Consistency is the key word.
That's what fans and coaches want to see when anything is released by the NCAA Division I women's basketball committee, whether it's in-season reveals of the top seeds or the 64-team bracket in March.
And as the committee released its second reveal on Thursday -- Connecticut (Albany Region), Mississippi State (Kansas City Region, Louisville (Lexington Regional) and Notre Dame (Spokane Regional) are the No. 1 seeds -- consistent application of the criterion was evident -- for the most part.
There are always some areas that can be further examined, especially as the stakes get higher with just one month left in the regular season (all records and data through games as of Jan. 31).
Tennessee in, Ohio State out
Tennessee landed at No. 11, and the Lady Vols belong in the top 16 -- even if 11 might be a bit high. But things get interesting when Tennessee is compared to Ohio State, which was bounced from Thursday's top 16 after coming in at No. 10 in the first reveal on Jan. 18.
Both teams have struggled since, but the Lady Vols have had it worse, going 1-3 while the Buckeyes are 2-2. Tennessee has lost to better competition, but all of the losses were by double digits. Still, Ohio State's losses were also against NCAA tournament-caliber opponents, so the Lady Vols' inclusion and the Buckeyes' omission can't simply be a "what have you done for me lately" situation.
Ohio State (18-5) has one more win and one more loss than the Lady Vols (17-4), and better key numbers nearly across the board in RPI (Ratings Percentage Index), SOS (strength of schedule), nonconference SOS, top-50 wins and top-50 winning percentage.
Yet since the previous reveal the Buckeyes fell at least seven spots, while Tennessee fell six. Incorrect assessment? Maybe not. But certainly an interesting one.
Lady Vols vs. the rest of the SEC
The SEC once again has six teams in the top 16, and the Lady Vols being slotted ahead of three other SEC teams is also curious.
Tennessee trails Georgia and Texas A&M in the league standings, is tied with Missouri, and is 0-1 against the group, having lost at A&M. Only the Tigers, who have lost their past two games, could be considered as cold as the Lady Vols right now.
But Georgia is the biggest headscratcher. Perhaps it's splitting hairs because the Lady Dogs are No. 12, just one spot behind the Lady Vols, but they shouldn't be.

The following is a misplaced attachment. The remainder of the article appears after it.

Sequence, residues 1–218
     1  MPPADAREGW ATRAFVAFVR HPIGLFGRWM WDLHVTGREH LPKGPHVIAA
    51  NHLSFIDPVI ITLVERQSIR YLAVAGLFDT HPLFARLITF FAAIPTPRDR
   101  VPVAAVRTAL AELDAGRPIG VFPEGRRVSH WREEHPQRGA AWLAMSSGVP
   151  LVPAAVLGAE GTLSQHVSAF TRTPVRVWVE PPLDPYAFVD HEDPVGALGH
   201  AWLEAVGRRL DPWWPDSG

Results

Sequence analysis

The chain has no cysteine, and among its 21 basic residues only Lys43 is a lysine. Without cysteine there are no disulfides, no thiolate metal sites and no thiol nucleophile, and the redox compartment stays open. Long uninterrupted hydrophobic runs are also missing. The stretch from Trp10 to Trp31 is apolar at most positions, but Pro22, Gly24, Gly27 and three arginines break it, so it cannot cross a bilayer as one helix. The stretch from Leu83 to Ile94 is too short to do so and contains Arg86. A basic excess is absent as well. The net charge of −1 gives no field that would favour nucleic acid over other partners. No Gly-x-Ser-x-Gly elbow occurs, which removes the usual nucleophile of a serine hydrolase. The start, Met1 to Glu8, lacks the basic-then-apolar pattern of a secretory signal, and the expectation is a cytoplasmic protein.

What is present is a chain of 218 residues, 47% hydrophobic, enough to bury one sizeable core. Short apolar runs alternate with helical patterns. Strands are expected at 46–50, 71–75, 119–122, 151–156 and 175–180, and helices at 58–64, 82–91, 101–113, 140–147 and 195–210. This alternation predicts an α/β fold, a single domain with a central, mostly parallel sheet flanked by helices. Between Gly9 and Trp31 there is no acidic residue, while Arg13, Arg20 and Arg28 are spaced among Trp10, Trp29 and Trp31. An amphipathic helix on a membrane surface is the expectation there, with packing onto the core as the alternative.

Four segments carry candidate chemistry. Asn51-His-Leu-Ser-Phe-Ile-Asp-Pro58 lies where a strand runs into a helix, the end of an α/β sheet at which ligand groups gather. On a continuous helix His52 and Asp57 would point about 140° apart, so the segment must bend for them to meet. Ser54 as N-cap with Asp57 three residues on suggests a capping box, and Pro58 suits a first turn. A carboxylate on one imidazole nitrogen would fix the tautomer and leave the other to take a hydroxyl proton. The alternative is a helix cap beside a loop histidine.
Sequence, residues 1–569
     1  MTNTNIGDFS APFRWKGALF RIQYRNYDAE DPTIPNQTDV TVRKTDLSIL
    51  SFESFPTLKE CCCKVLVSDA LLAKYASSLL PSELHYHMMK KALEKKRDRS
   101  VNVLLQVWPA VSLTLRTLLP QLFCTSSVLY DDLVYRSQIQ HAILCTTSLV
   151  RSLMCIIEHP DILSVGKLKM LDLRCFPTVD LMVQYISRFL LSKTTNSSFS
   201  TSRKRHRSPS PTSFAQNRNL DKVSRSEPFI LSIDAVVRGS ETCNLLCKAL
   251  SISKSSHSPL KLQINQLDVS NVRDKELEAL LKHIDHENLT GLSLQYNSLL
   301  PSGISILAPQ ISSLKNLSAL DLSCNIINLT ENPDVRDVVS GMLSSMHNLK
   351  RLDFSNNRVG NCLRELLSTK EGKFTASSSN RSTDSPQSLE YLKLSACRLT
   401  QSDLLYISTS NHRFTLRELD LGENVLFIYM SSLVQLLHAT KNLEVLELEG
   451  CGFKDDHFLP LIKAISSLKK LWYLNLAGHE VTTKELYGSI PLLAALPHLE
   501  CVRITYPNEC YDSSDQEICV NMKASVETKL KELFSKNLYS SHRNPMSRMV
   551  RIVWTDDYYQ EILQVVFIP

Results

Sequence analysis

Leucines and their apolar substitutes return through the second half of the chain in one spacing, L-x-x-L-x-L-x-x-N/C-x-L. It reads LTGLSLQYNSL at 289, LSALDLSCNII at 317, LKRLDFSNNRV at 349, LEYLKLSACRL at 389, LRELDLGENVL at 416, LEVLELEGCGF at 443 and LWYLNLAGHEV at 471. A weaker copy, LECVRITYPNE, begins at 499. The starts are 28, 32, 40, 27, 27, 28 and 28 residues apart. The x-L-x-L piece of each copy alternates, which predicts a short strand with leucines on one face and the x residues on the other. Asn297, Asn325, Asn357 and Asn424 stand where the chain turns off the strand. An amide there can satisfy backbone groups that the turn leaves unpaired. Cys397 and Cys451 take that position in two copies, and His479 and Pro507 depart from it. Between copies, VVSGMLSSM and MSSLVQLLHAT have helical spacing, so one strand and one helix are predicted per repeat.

Georgia hasn't lost since the previous reveal, has won seven consecutive games and is just one game behind Mississippi State in the SEC. A good argument could be made that Mississippi State is the only team in the SEC better than Georgia right now.
So what gives? The most logical explanation is the Lady Dogs' somewhat weak nonconference schedule (ranked outside the top 100). That's fair enough, but then where's the consistency? If that's the number keeping Georgia behind Tennessee, shouldn't Ohio State's numbers put them far closer -- if not ahead -- of the Lady Vols?
Notre Dame at No. 1
While we maintain that Baylor is at least the fourth-best team in the country, the committee addressed this issue in its first reveal -- and the Fighting Irish as the fourth No. 1 seed isn't really worth quibbling about.
But remember that on the day of the first reveal (in which Notre Dame was No. 6), the Irish looked as if a No. 3 seed was more likely than a No. 1. A week prior they had been throttled by Louisville and, just minutes before the announcement of the initial top 16 teams, they fell behind Tennessee by 23 points in the first half at home. Then came the comeback for the ages, an 84-70 victory over the Lady Vols, and a Notre Dame rebirth.
Now the Irish are No. 1 in RPI, are the only team other than UConn with double-figure top-50 RPI wins, and haven't been challenged since that Tennessee win.
The big question is whether Notre Dame can hold onto the final No. 1 spot with Oregon and Baylor looming. Ultimately the answer will likely come down to conference tournament play, but in just measuring the rest of the regular season, this spot is Notre Dame's to lose.
Overall, the Ducks and Lady Bears might have slightly tougher schedules and better growth opportunity in the final month, but the Irish still have three games (Duke, Virginia and NC State) against top-30 competition (Duke and NC State are in the top 20), which is more than Baylor and equal to Oregon.
Even if the Ducks and Lady Bears win out, neither will have as many top-50 wins as Notre Dame has right now. So if the Irish also win out, they will head into conference tournament play with a sizeable lead over those two in top-50 wins. The committee has already indicated that would be a big deal. Notre Dame, through all its injuries and lineup shuffling, still has a high percentage chance of being a No. 1 seed if the committee stays consistent.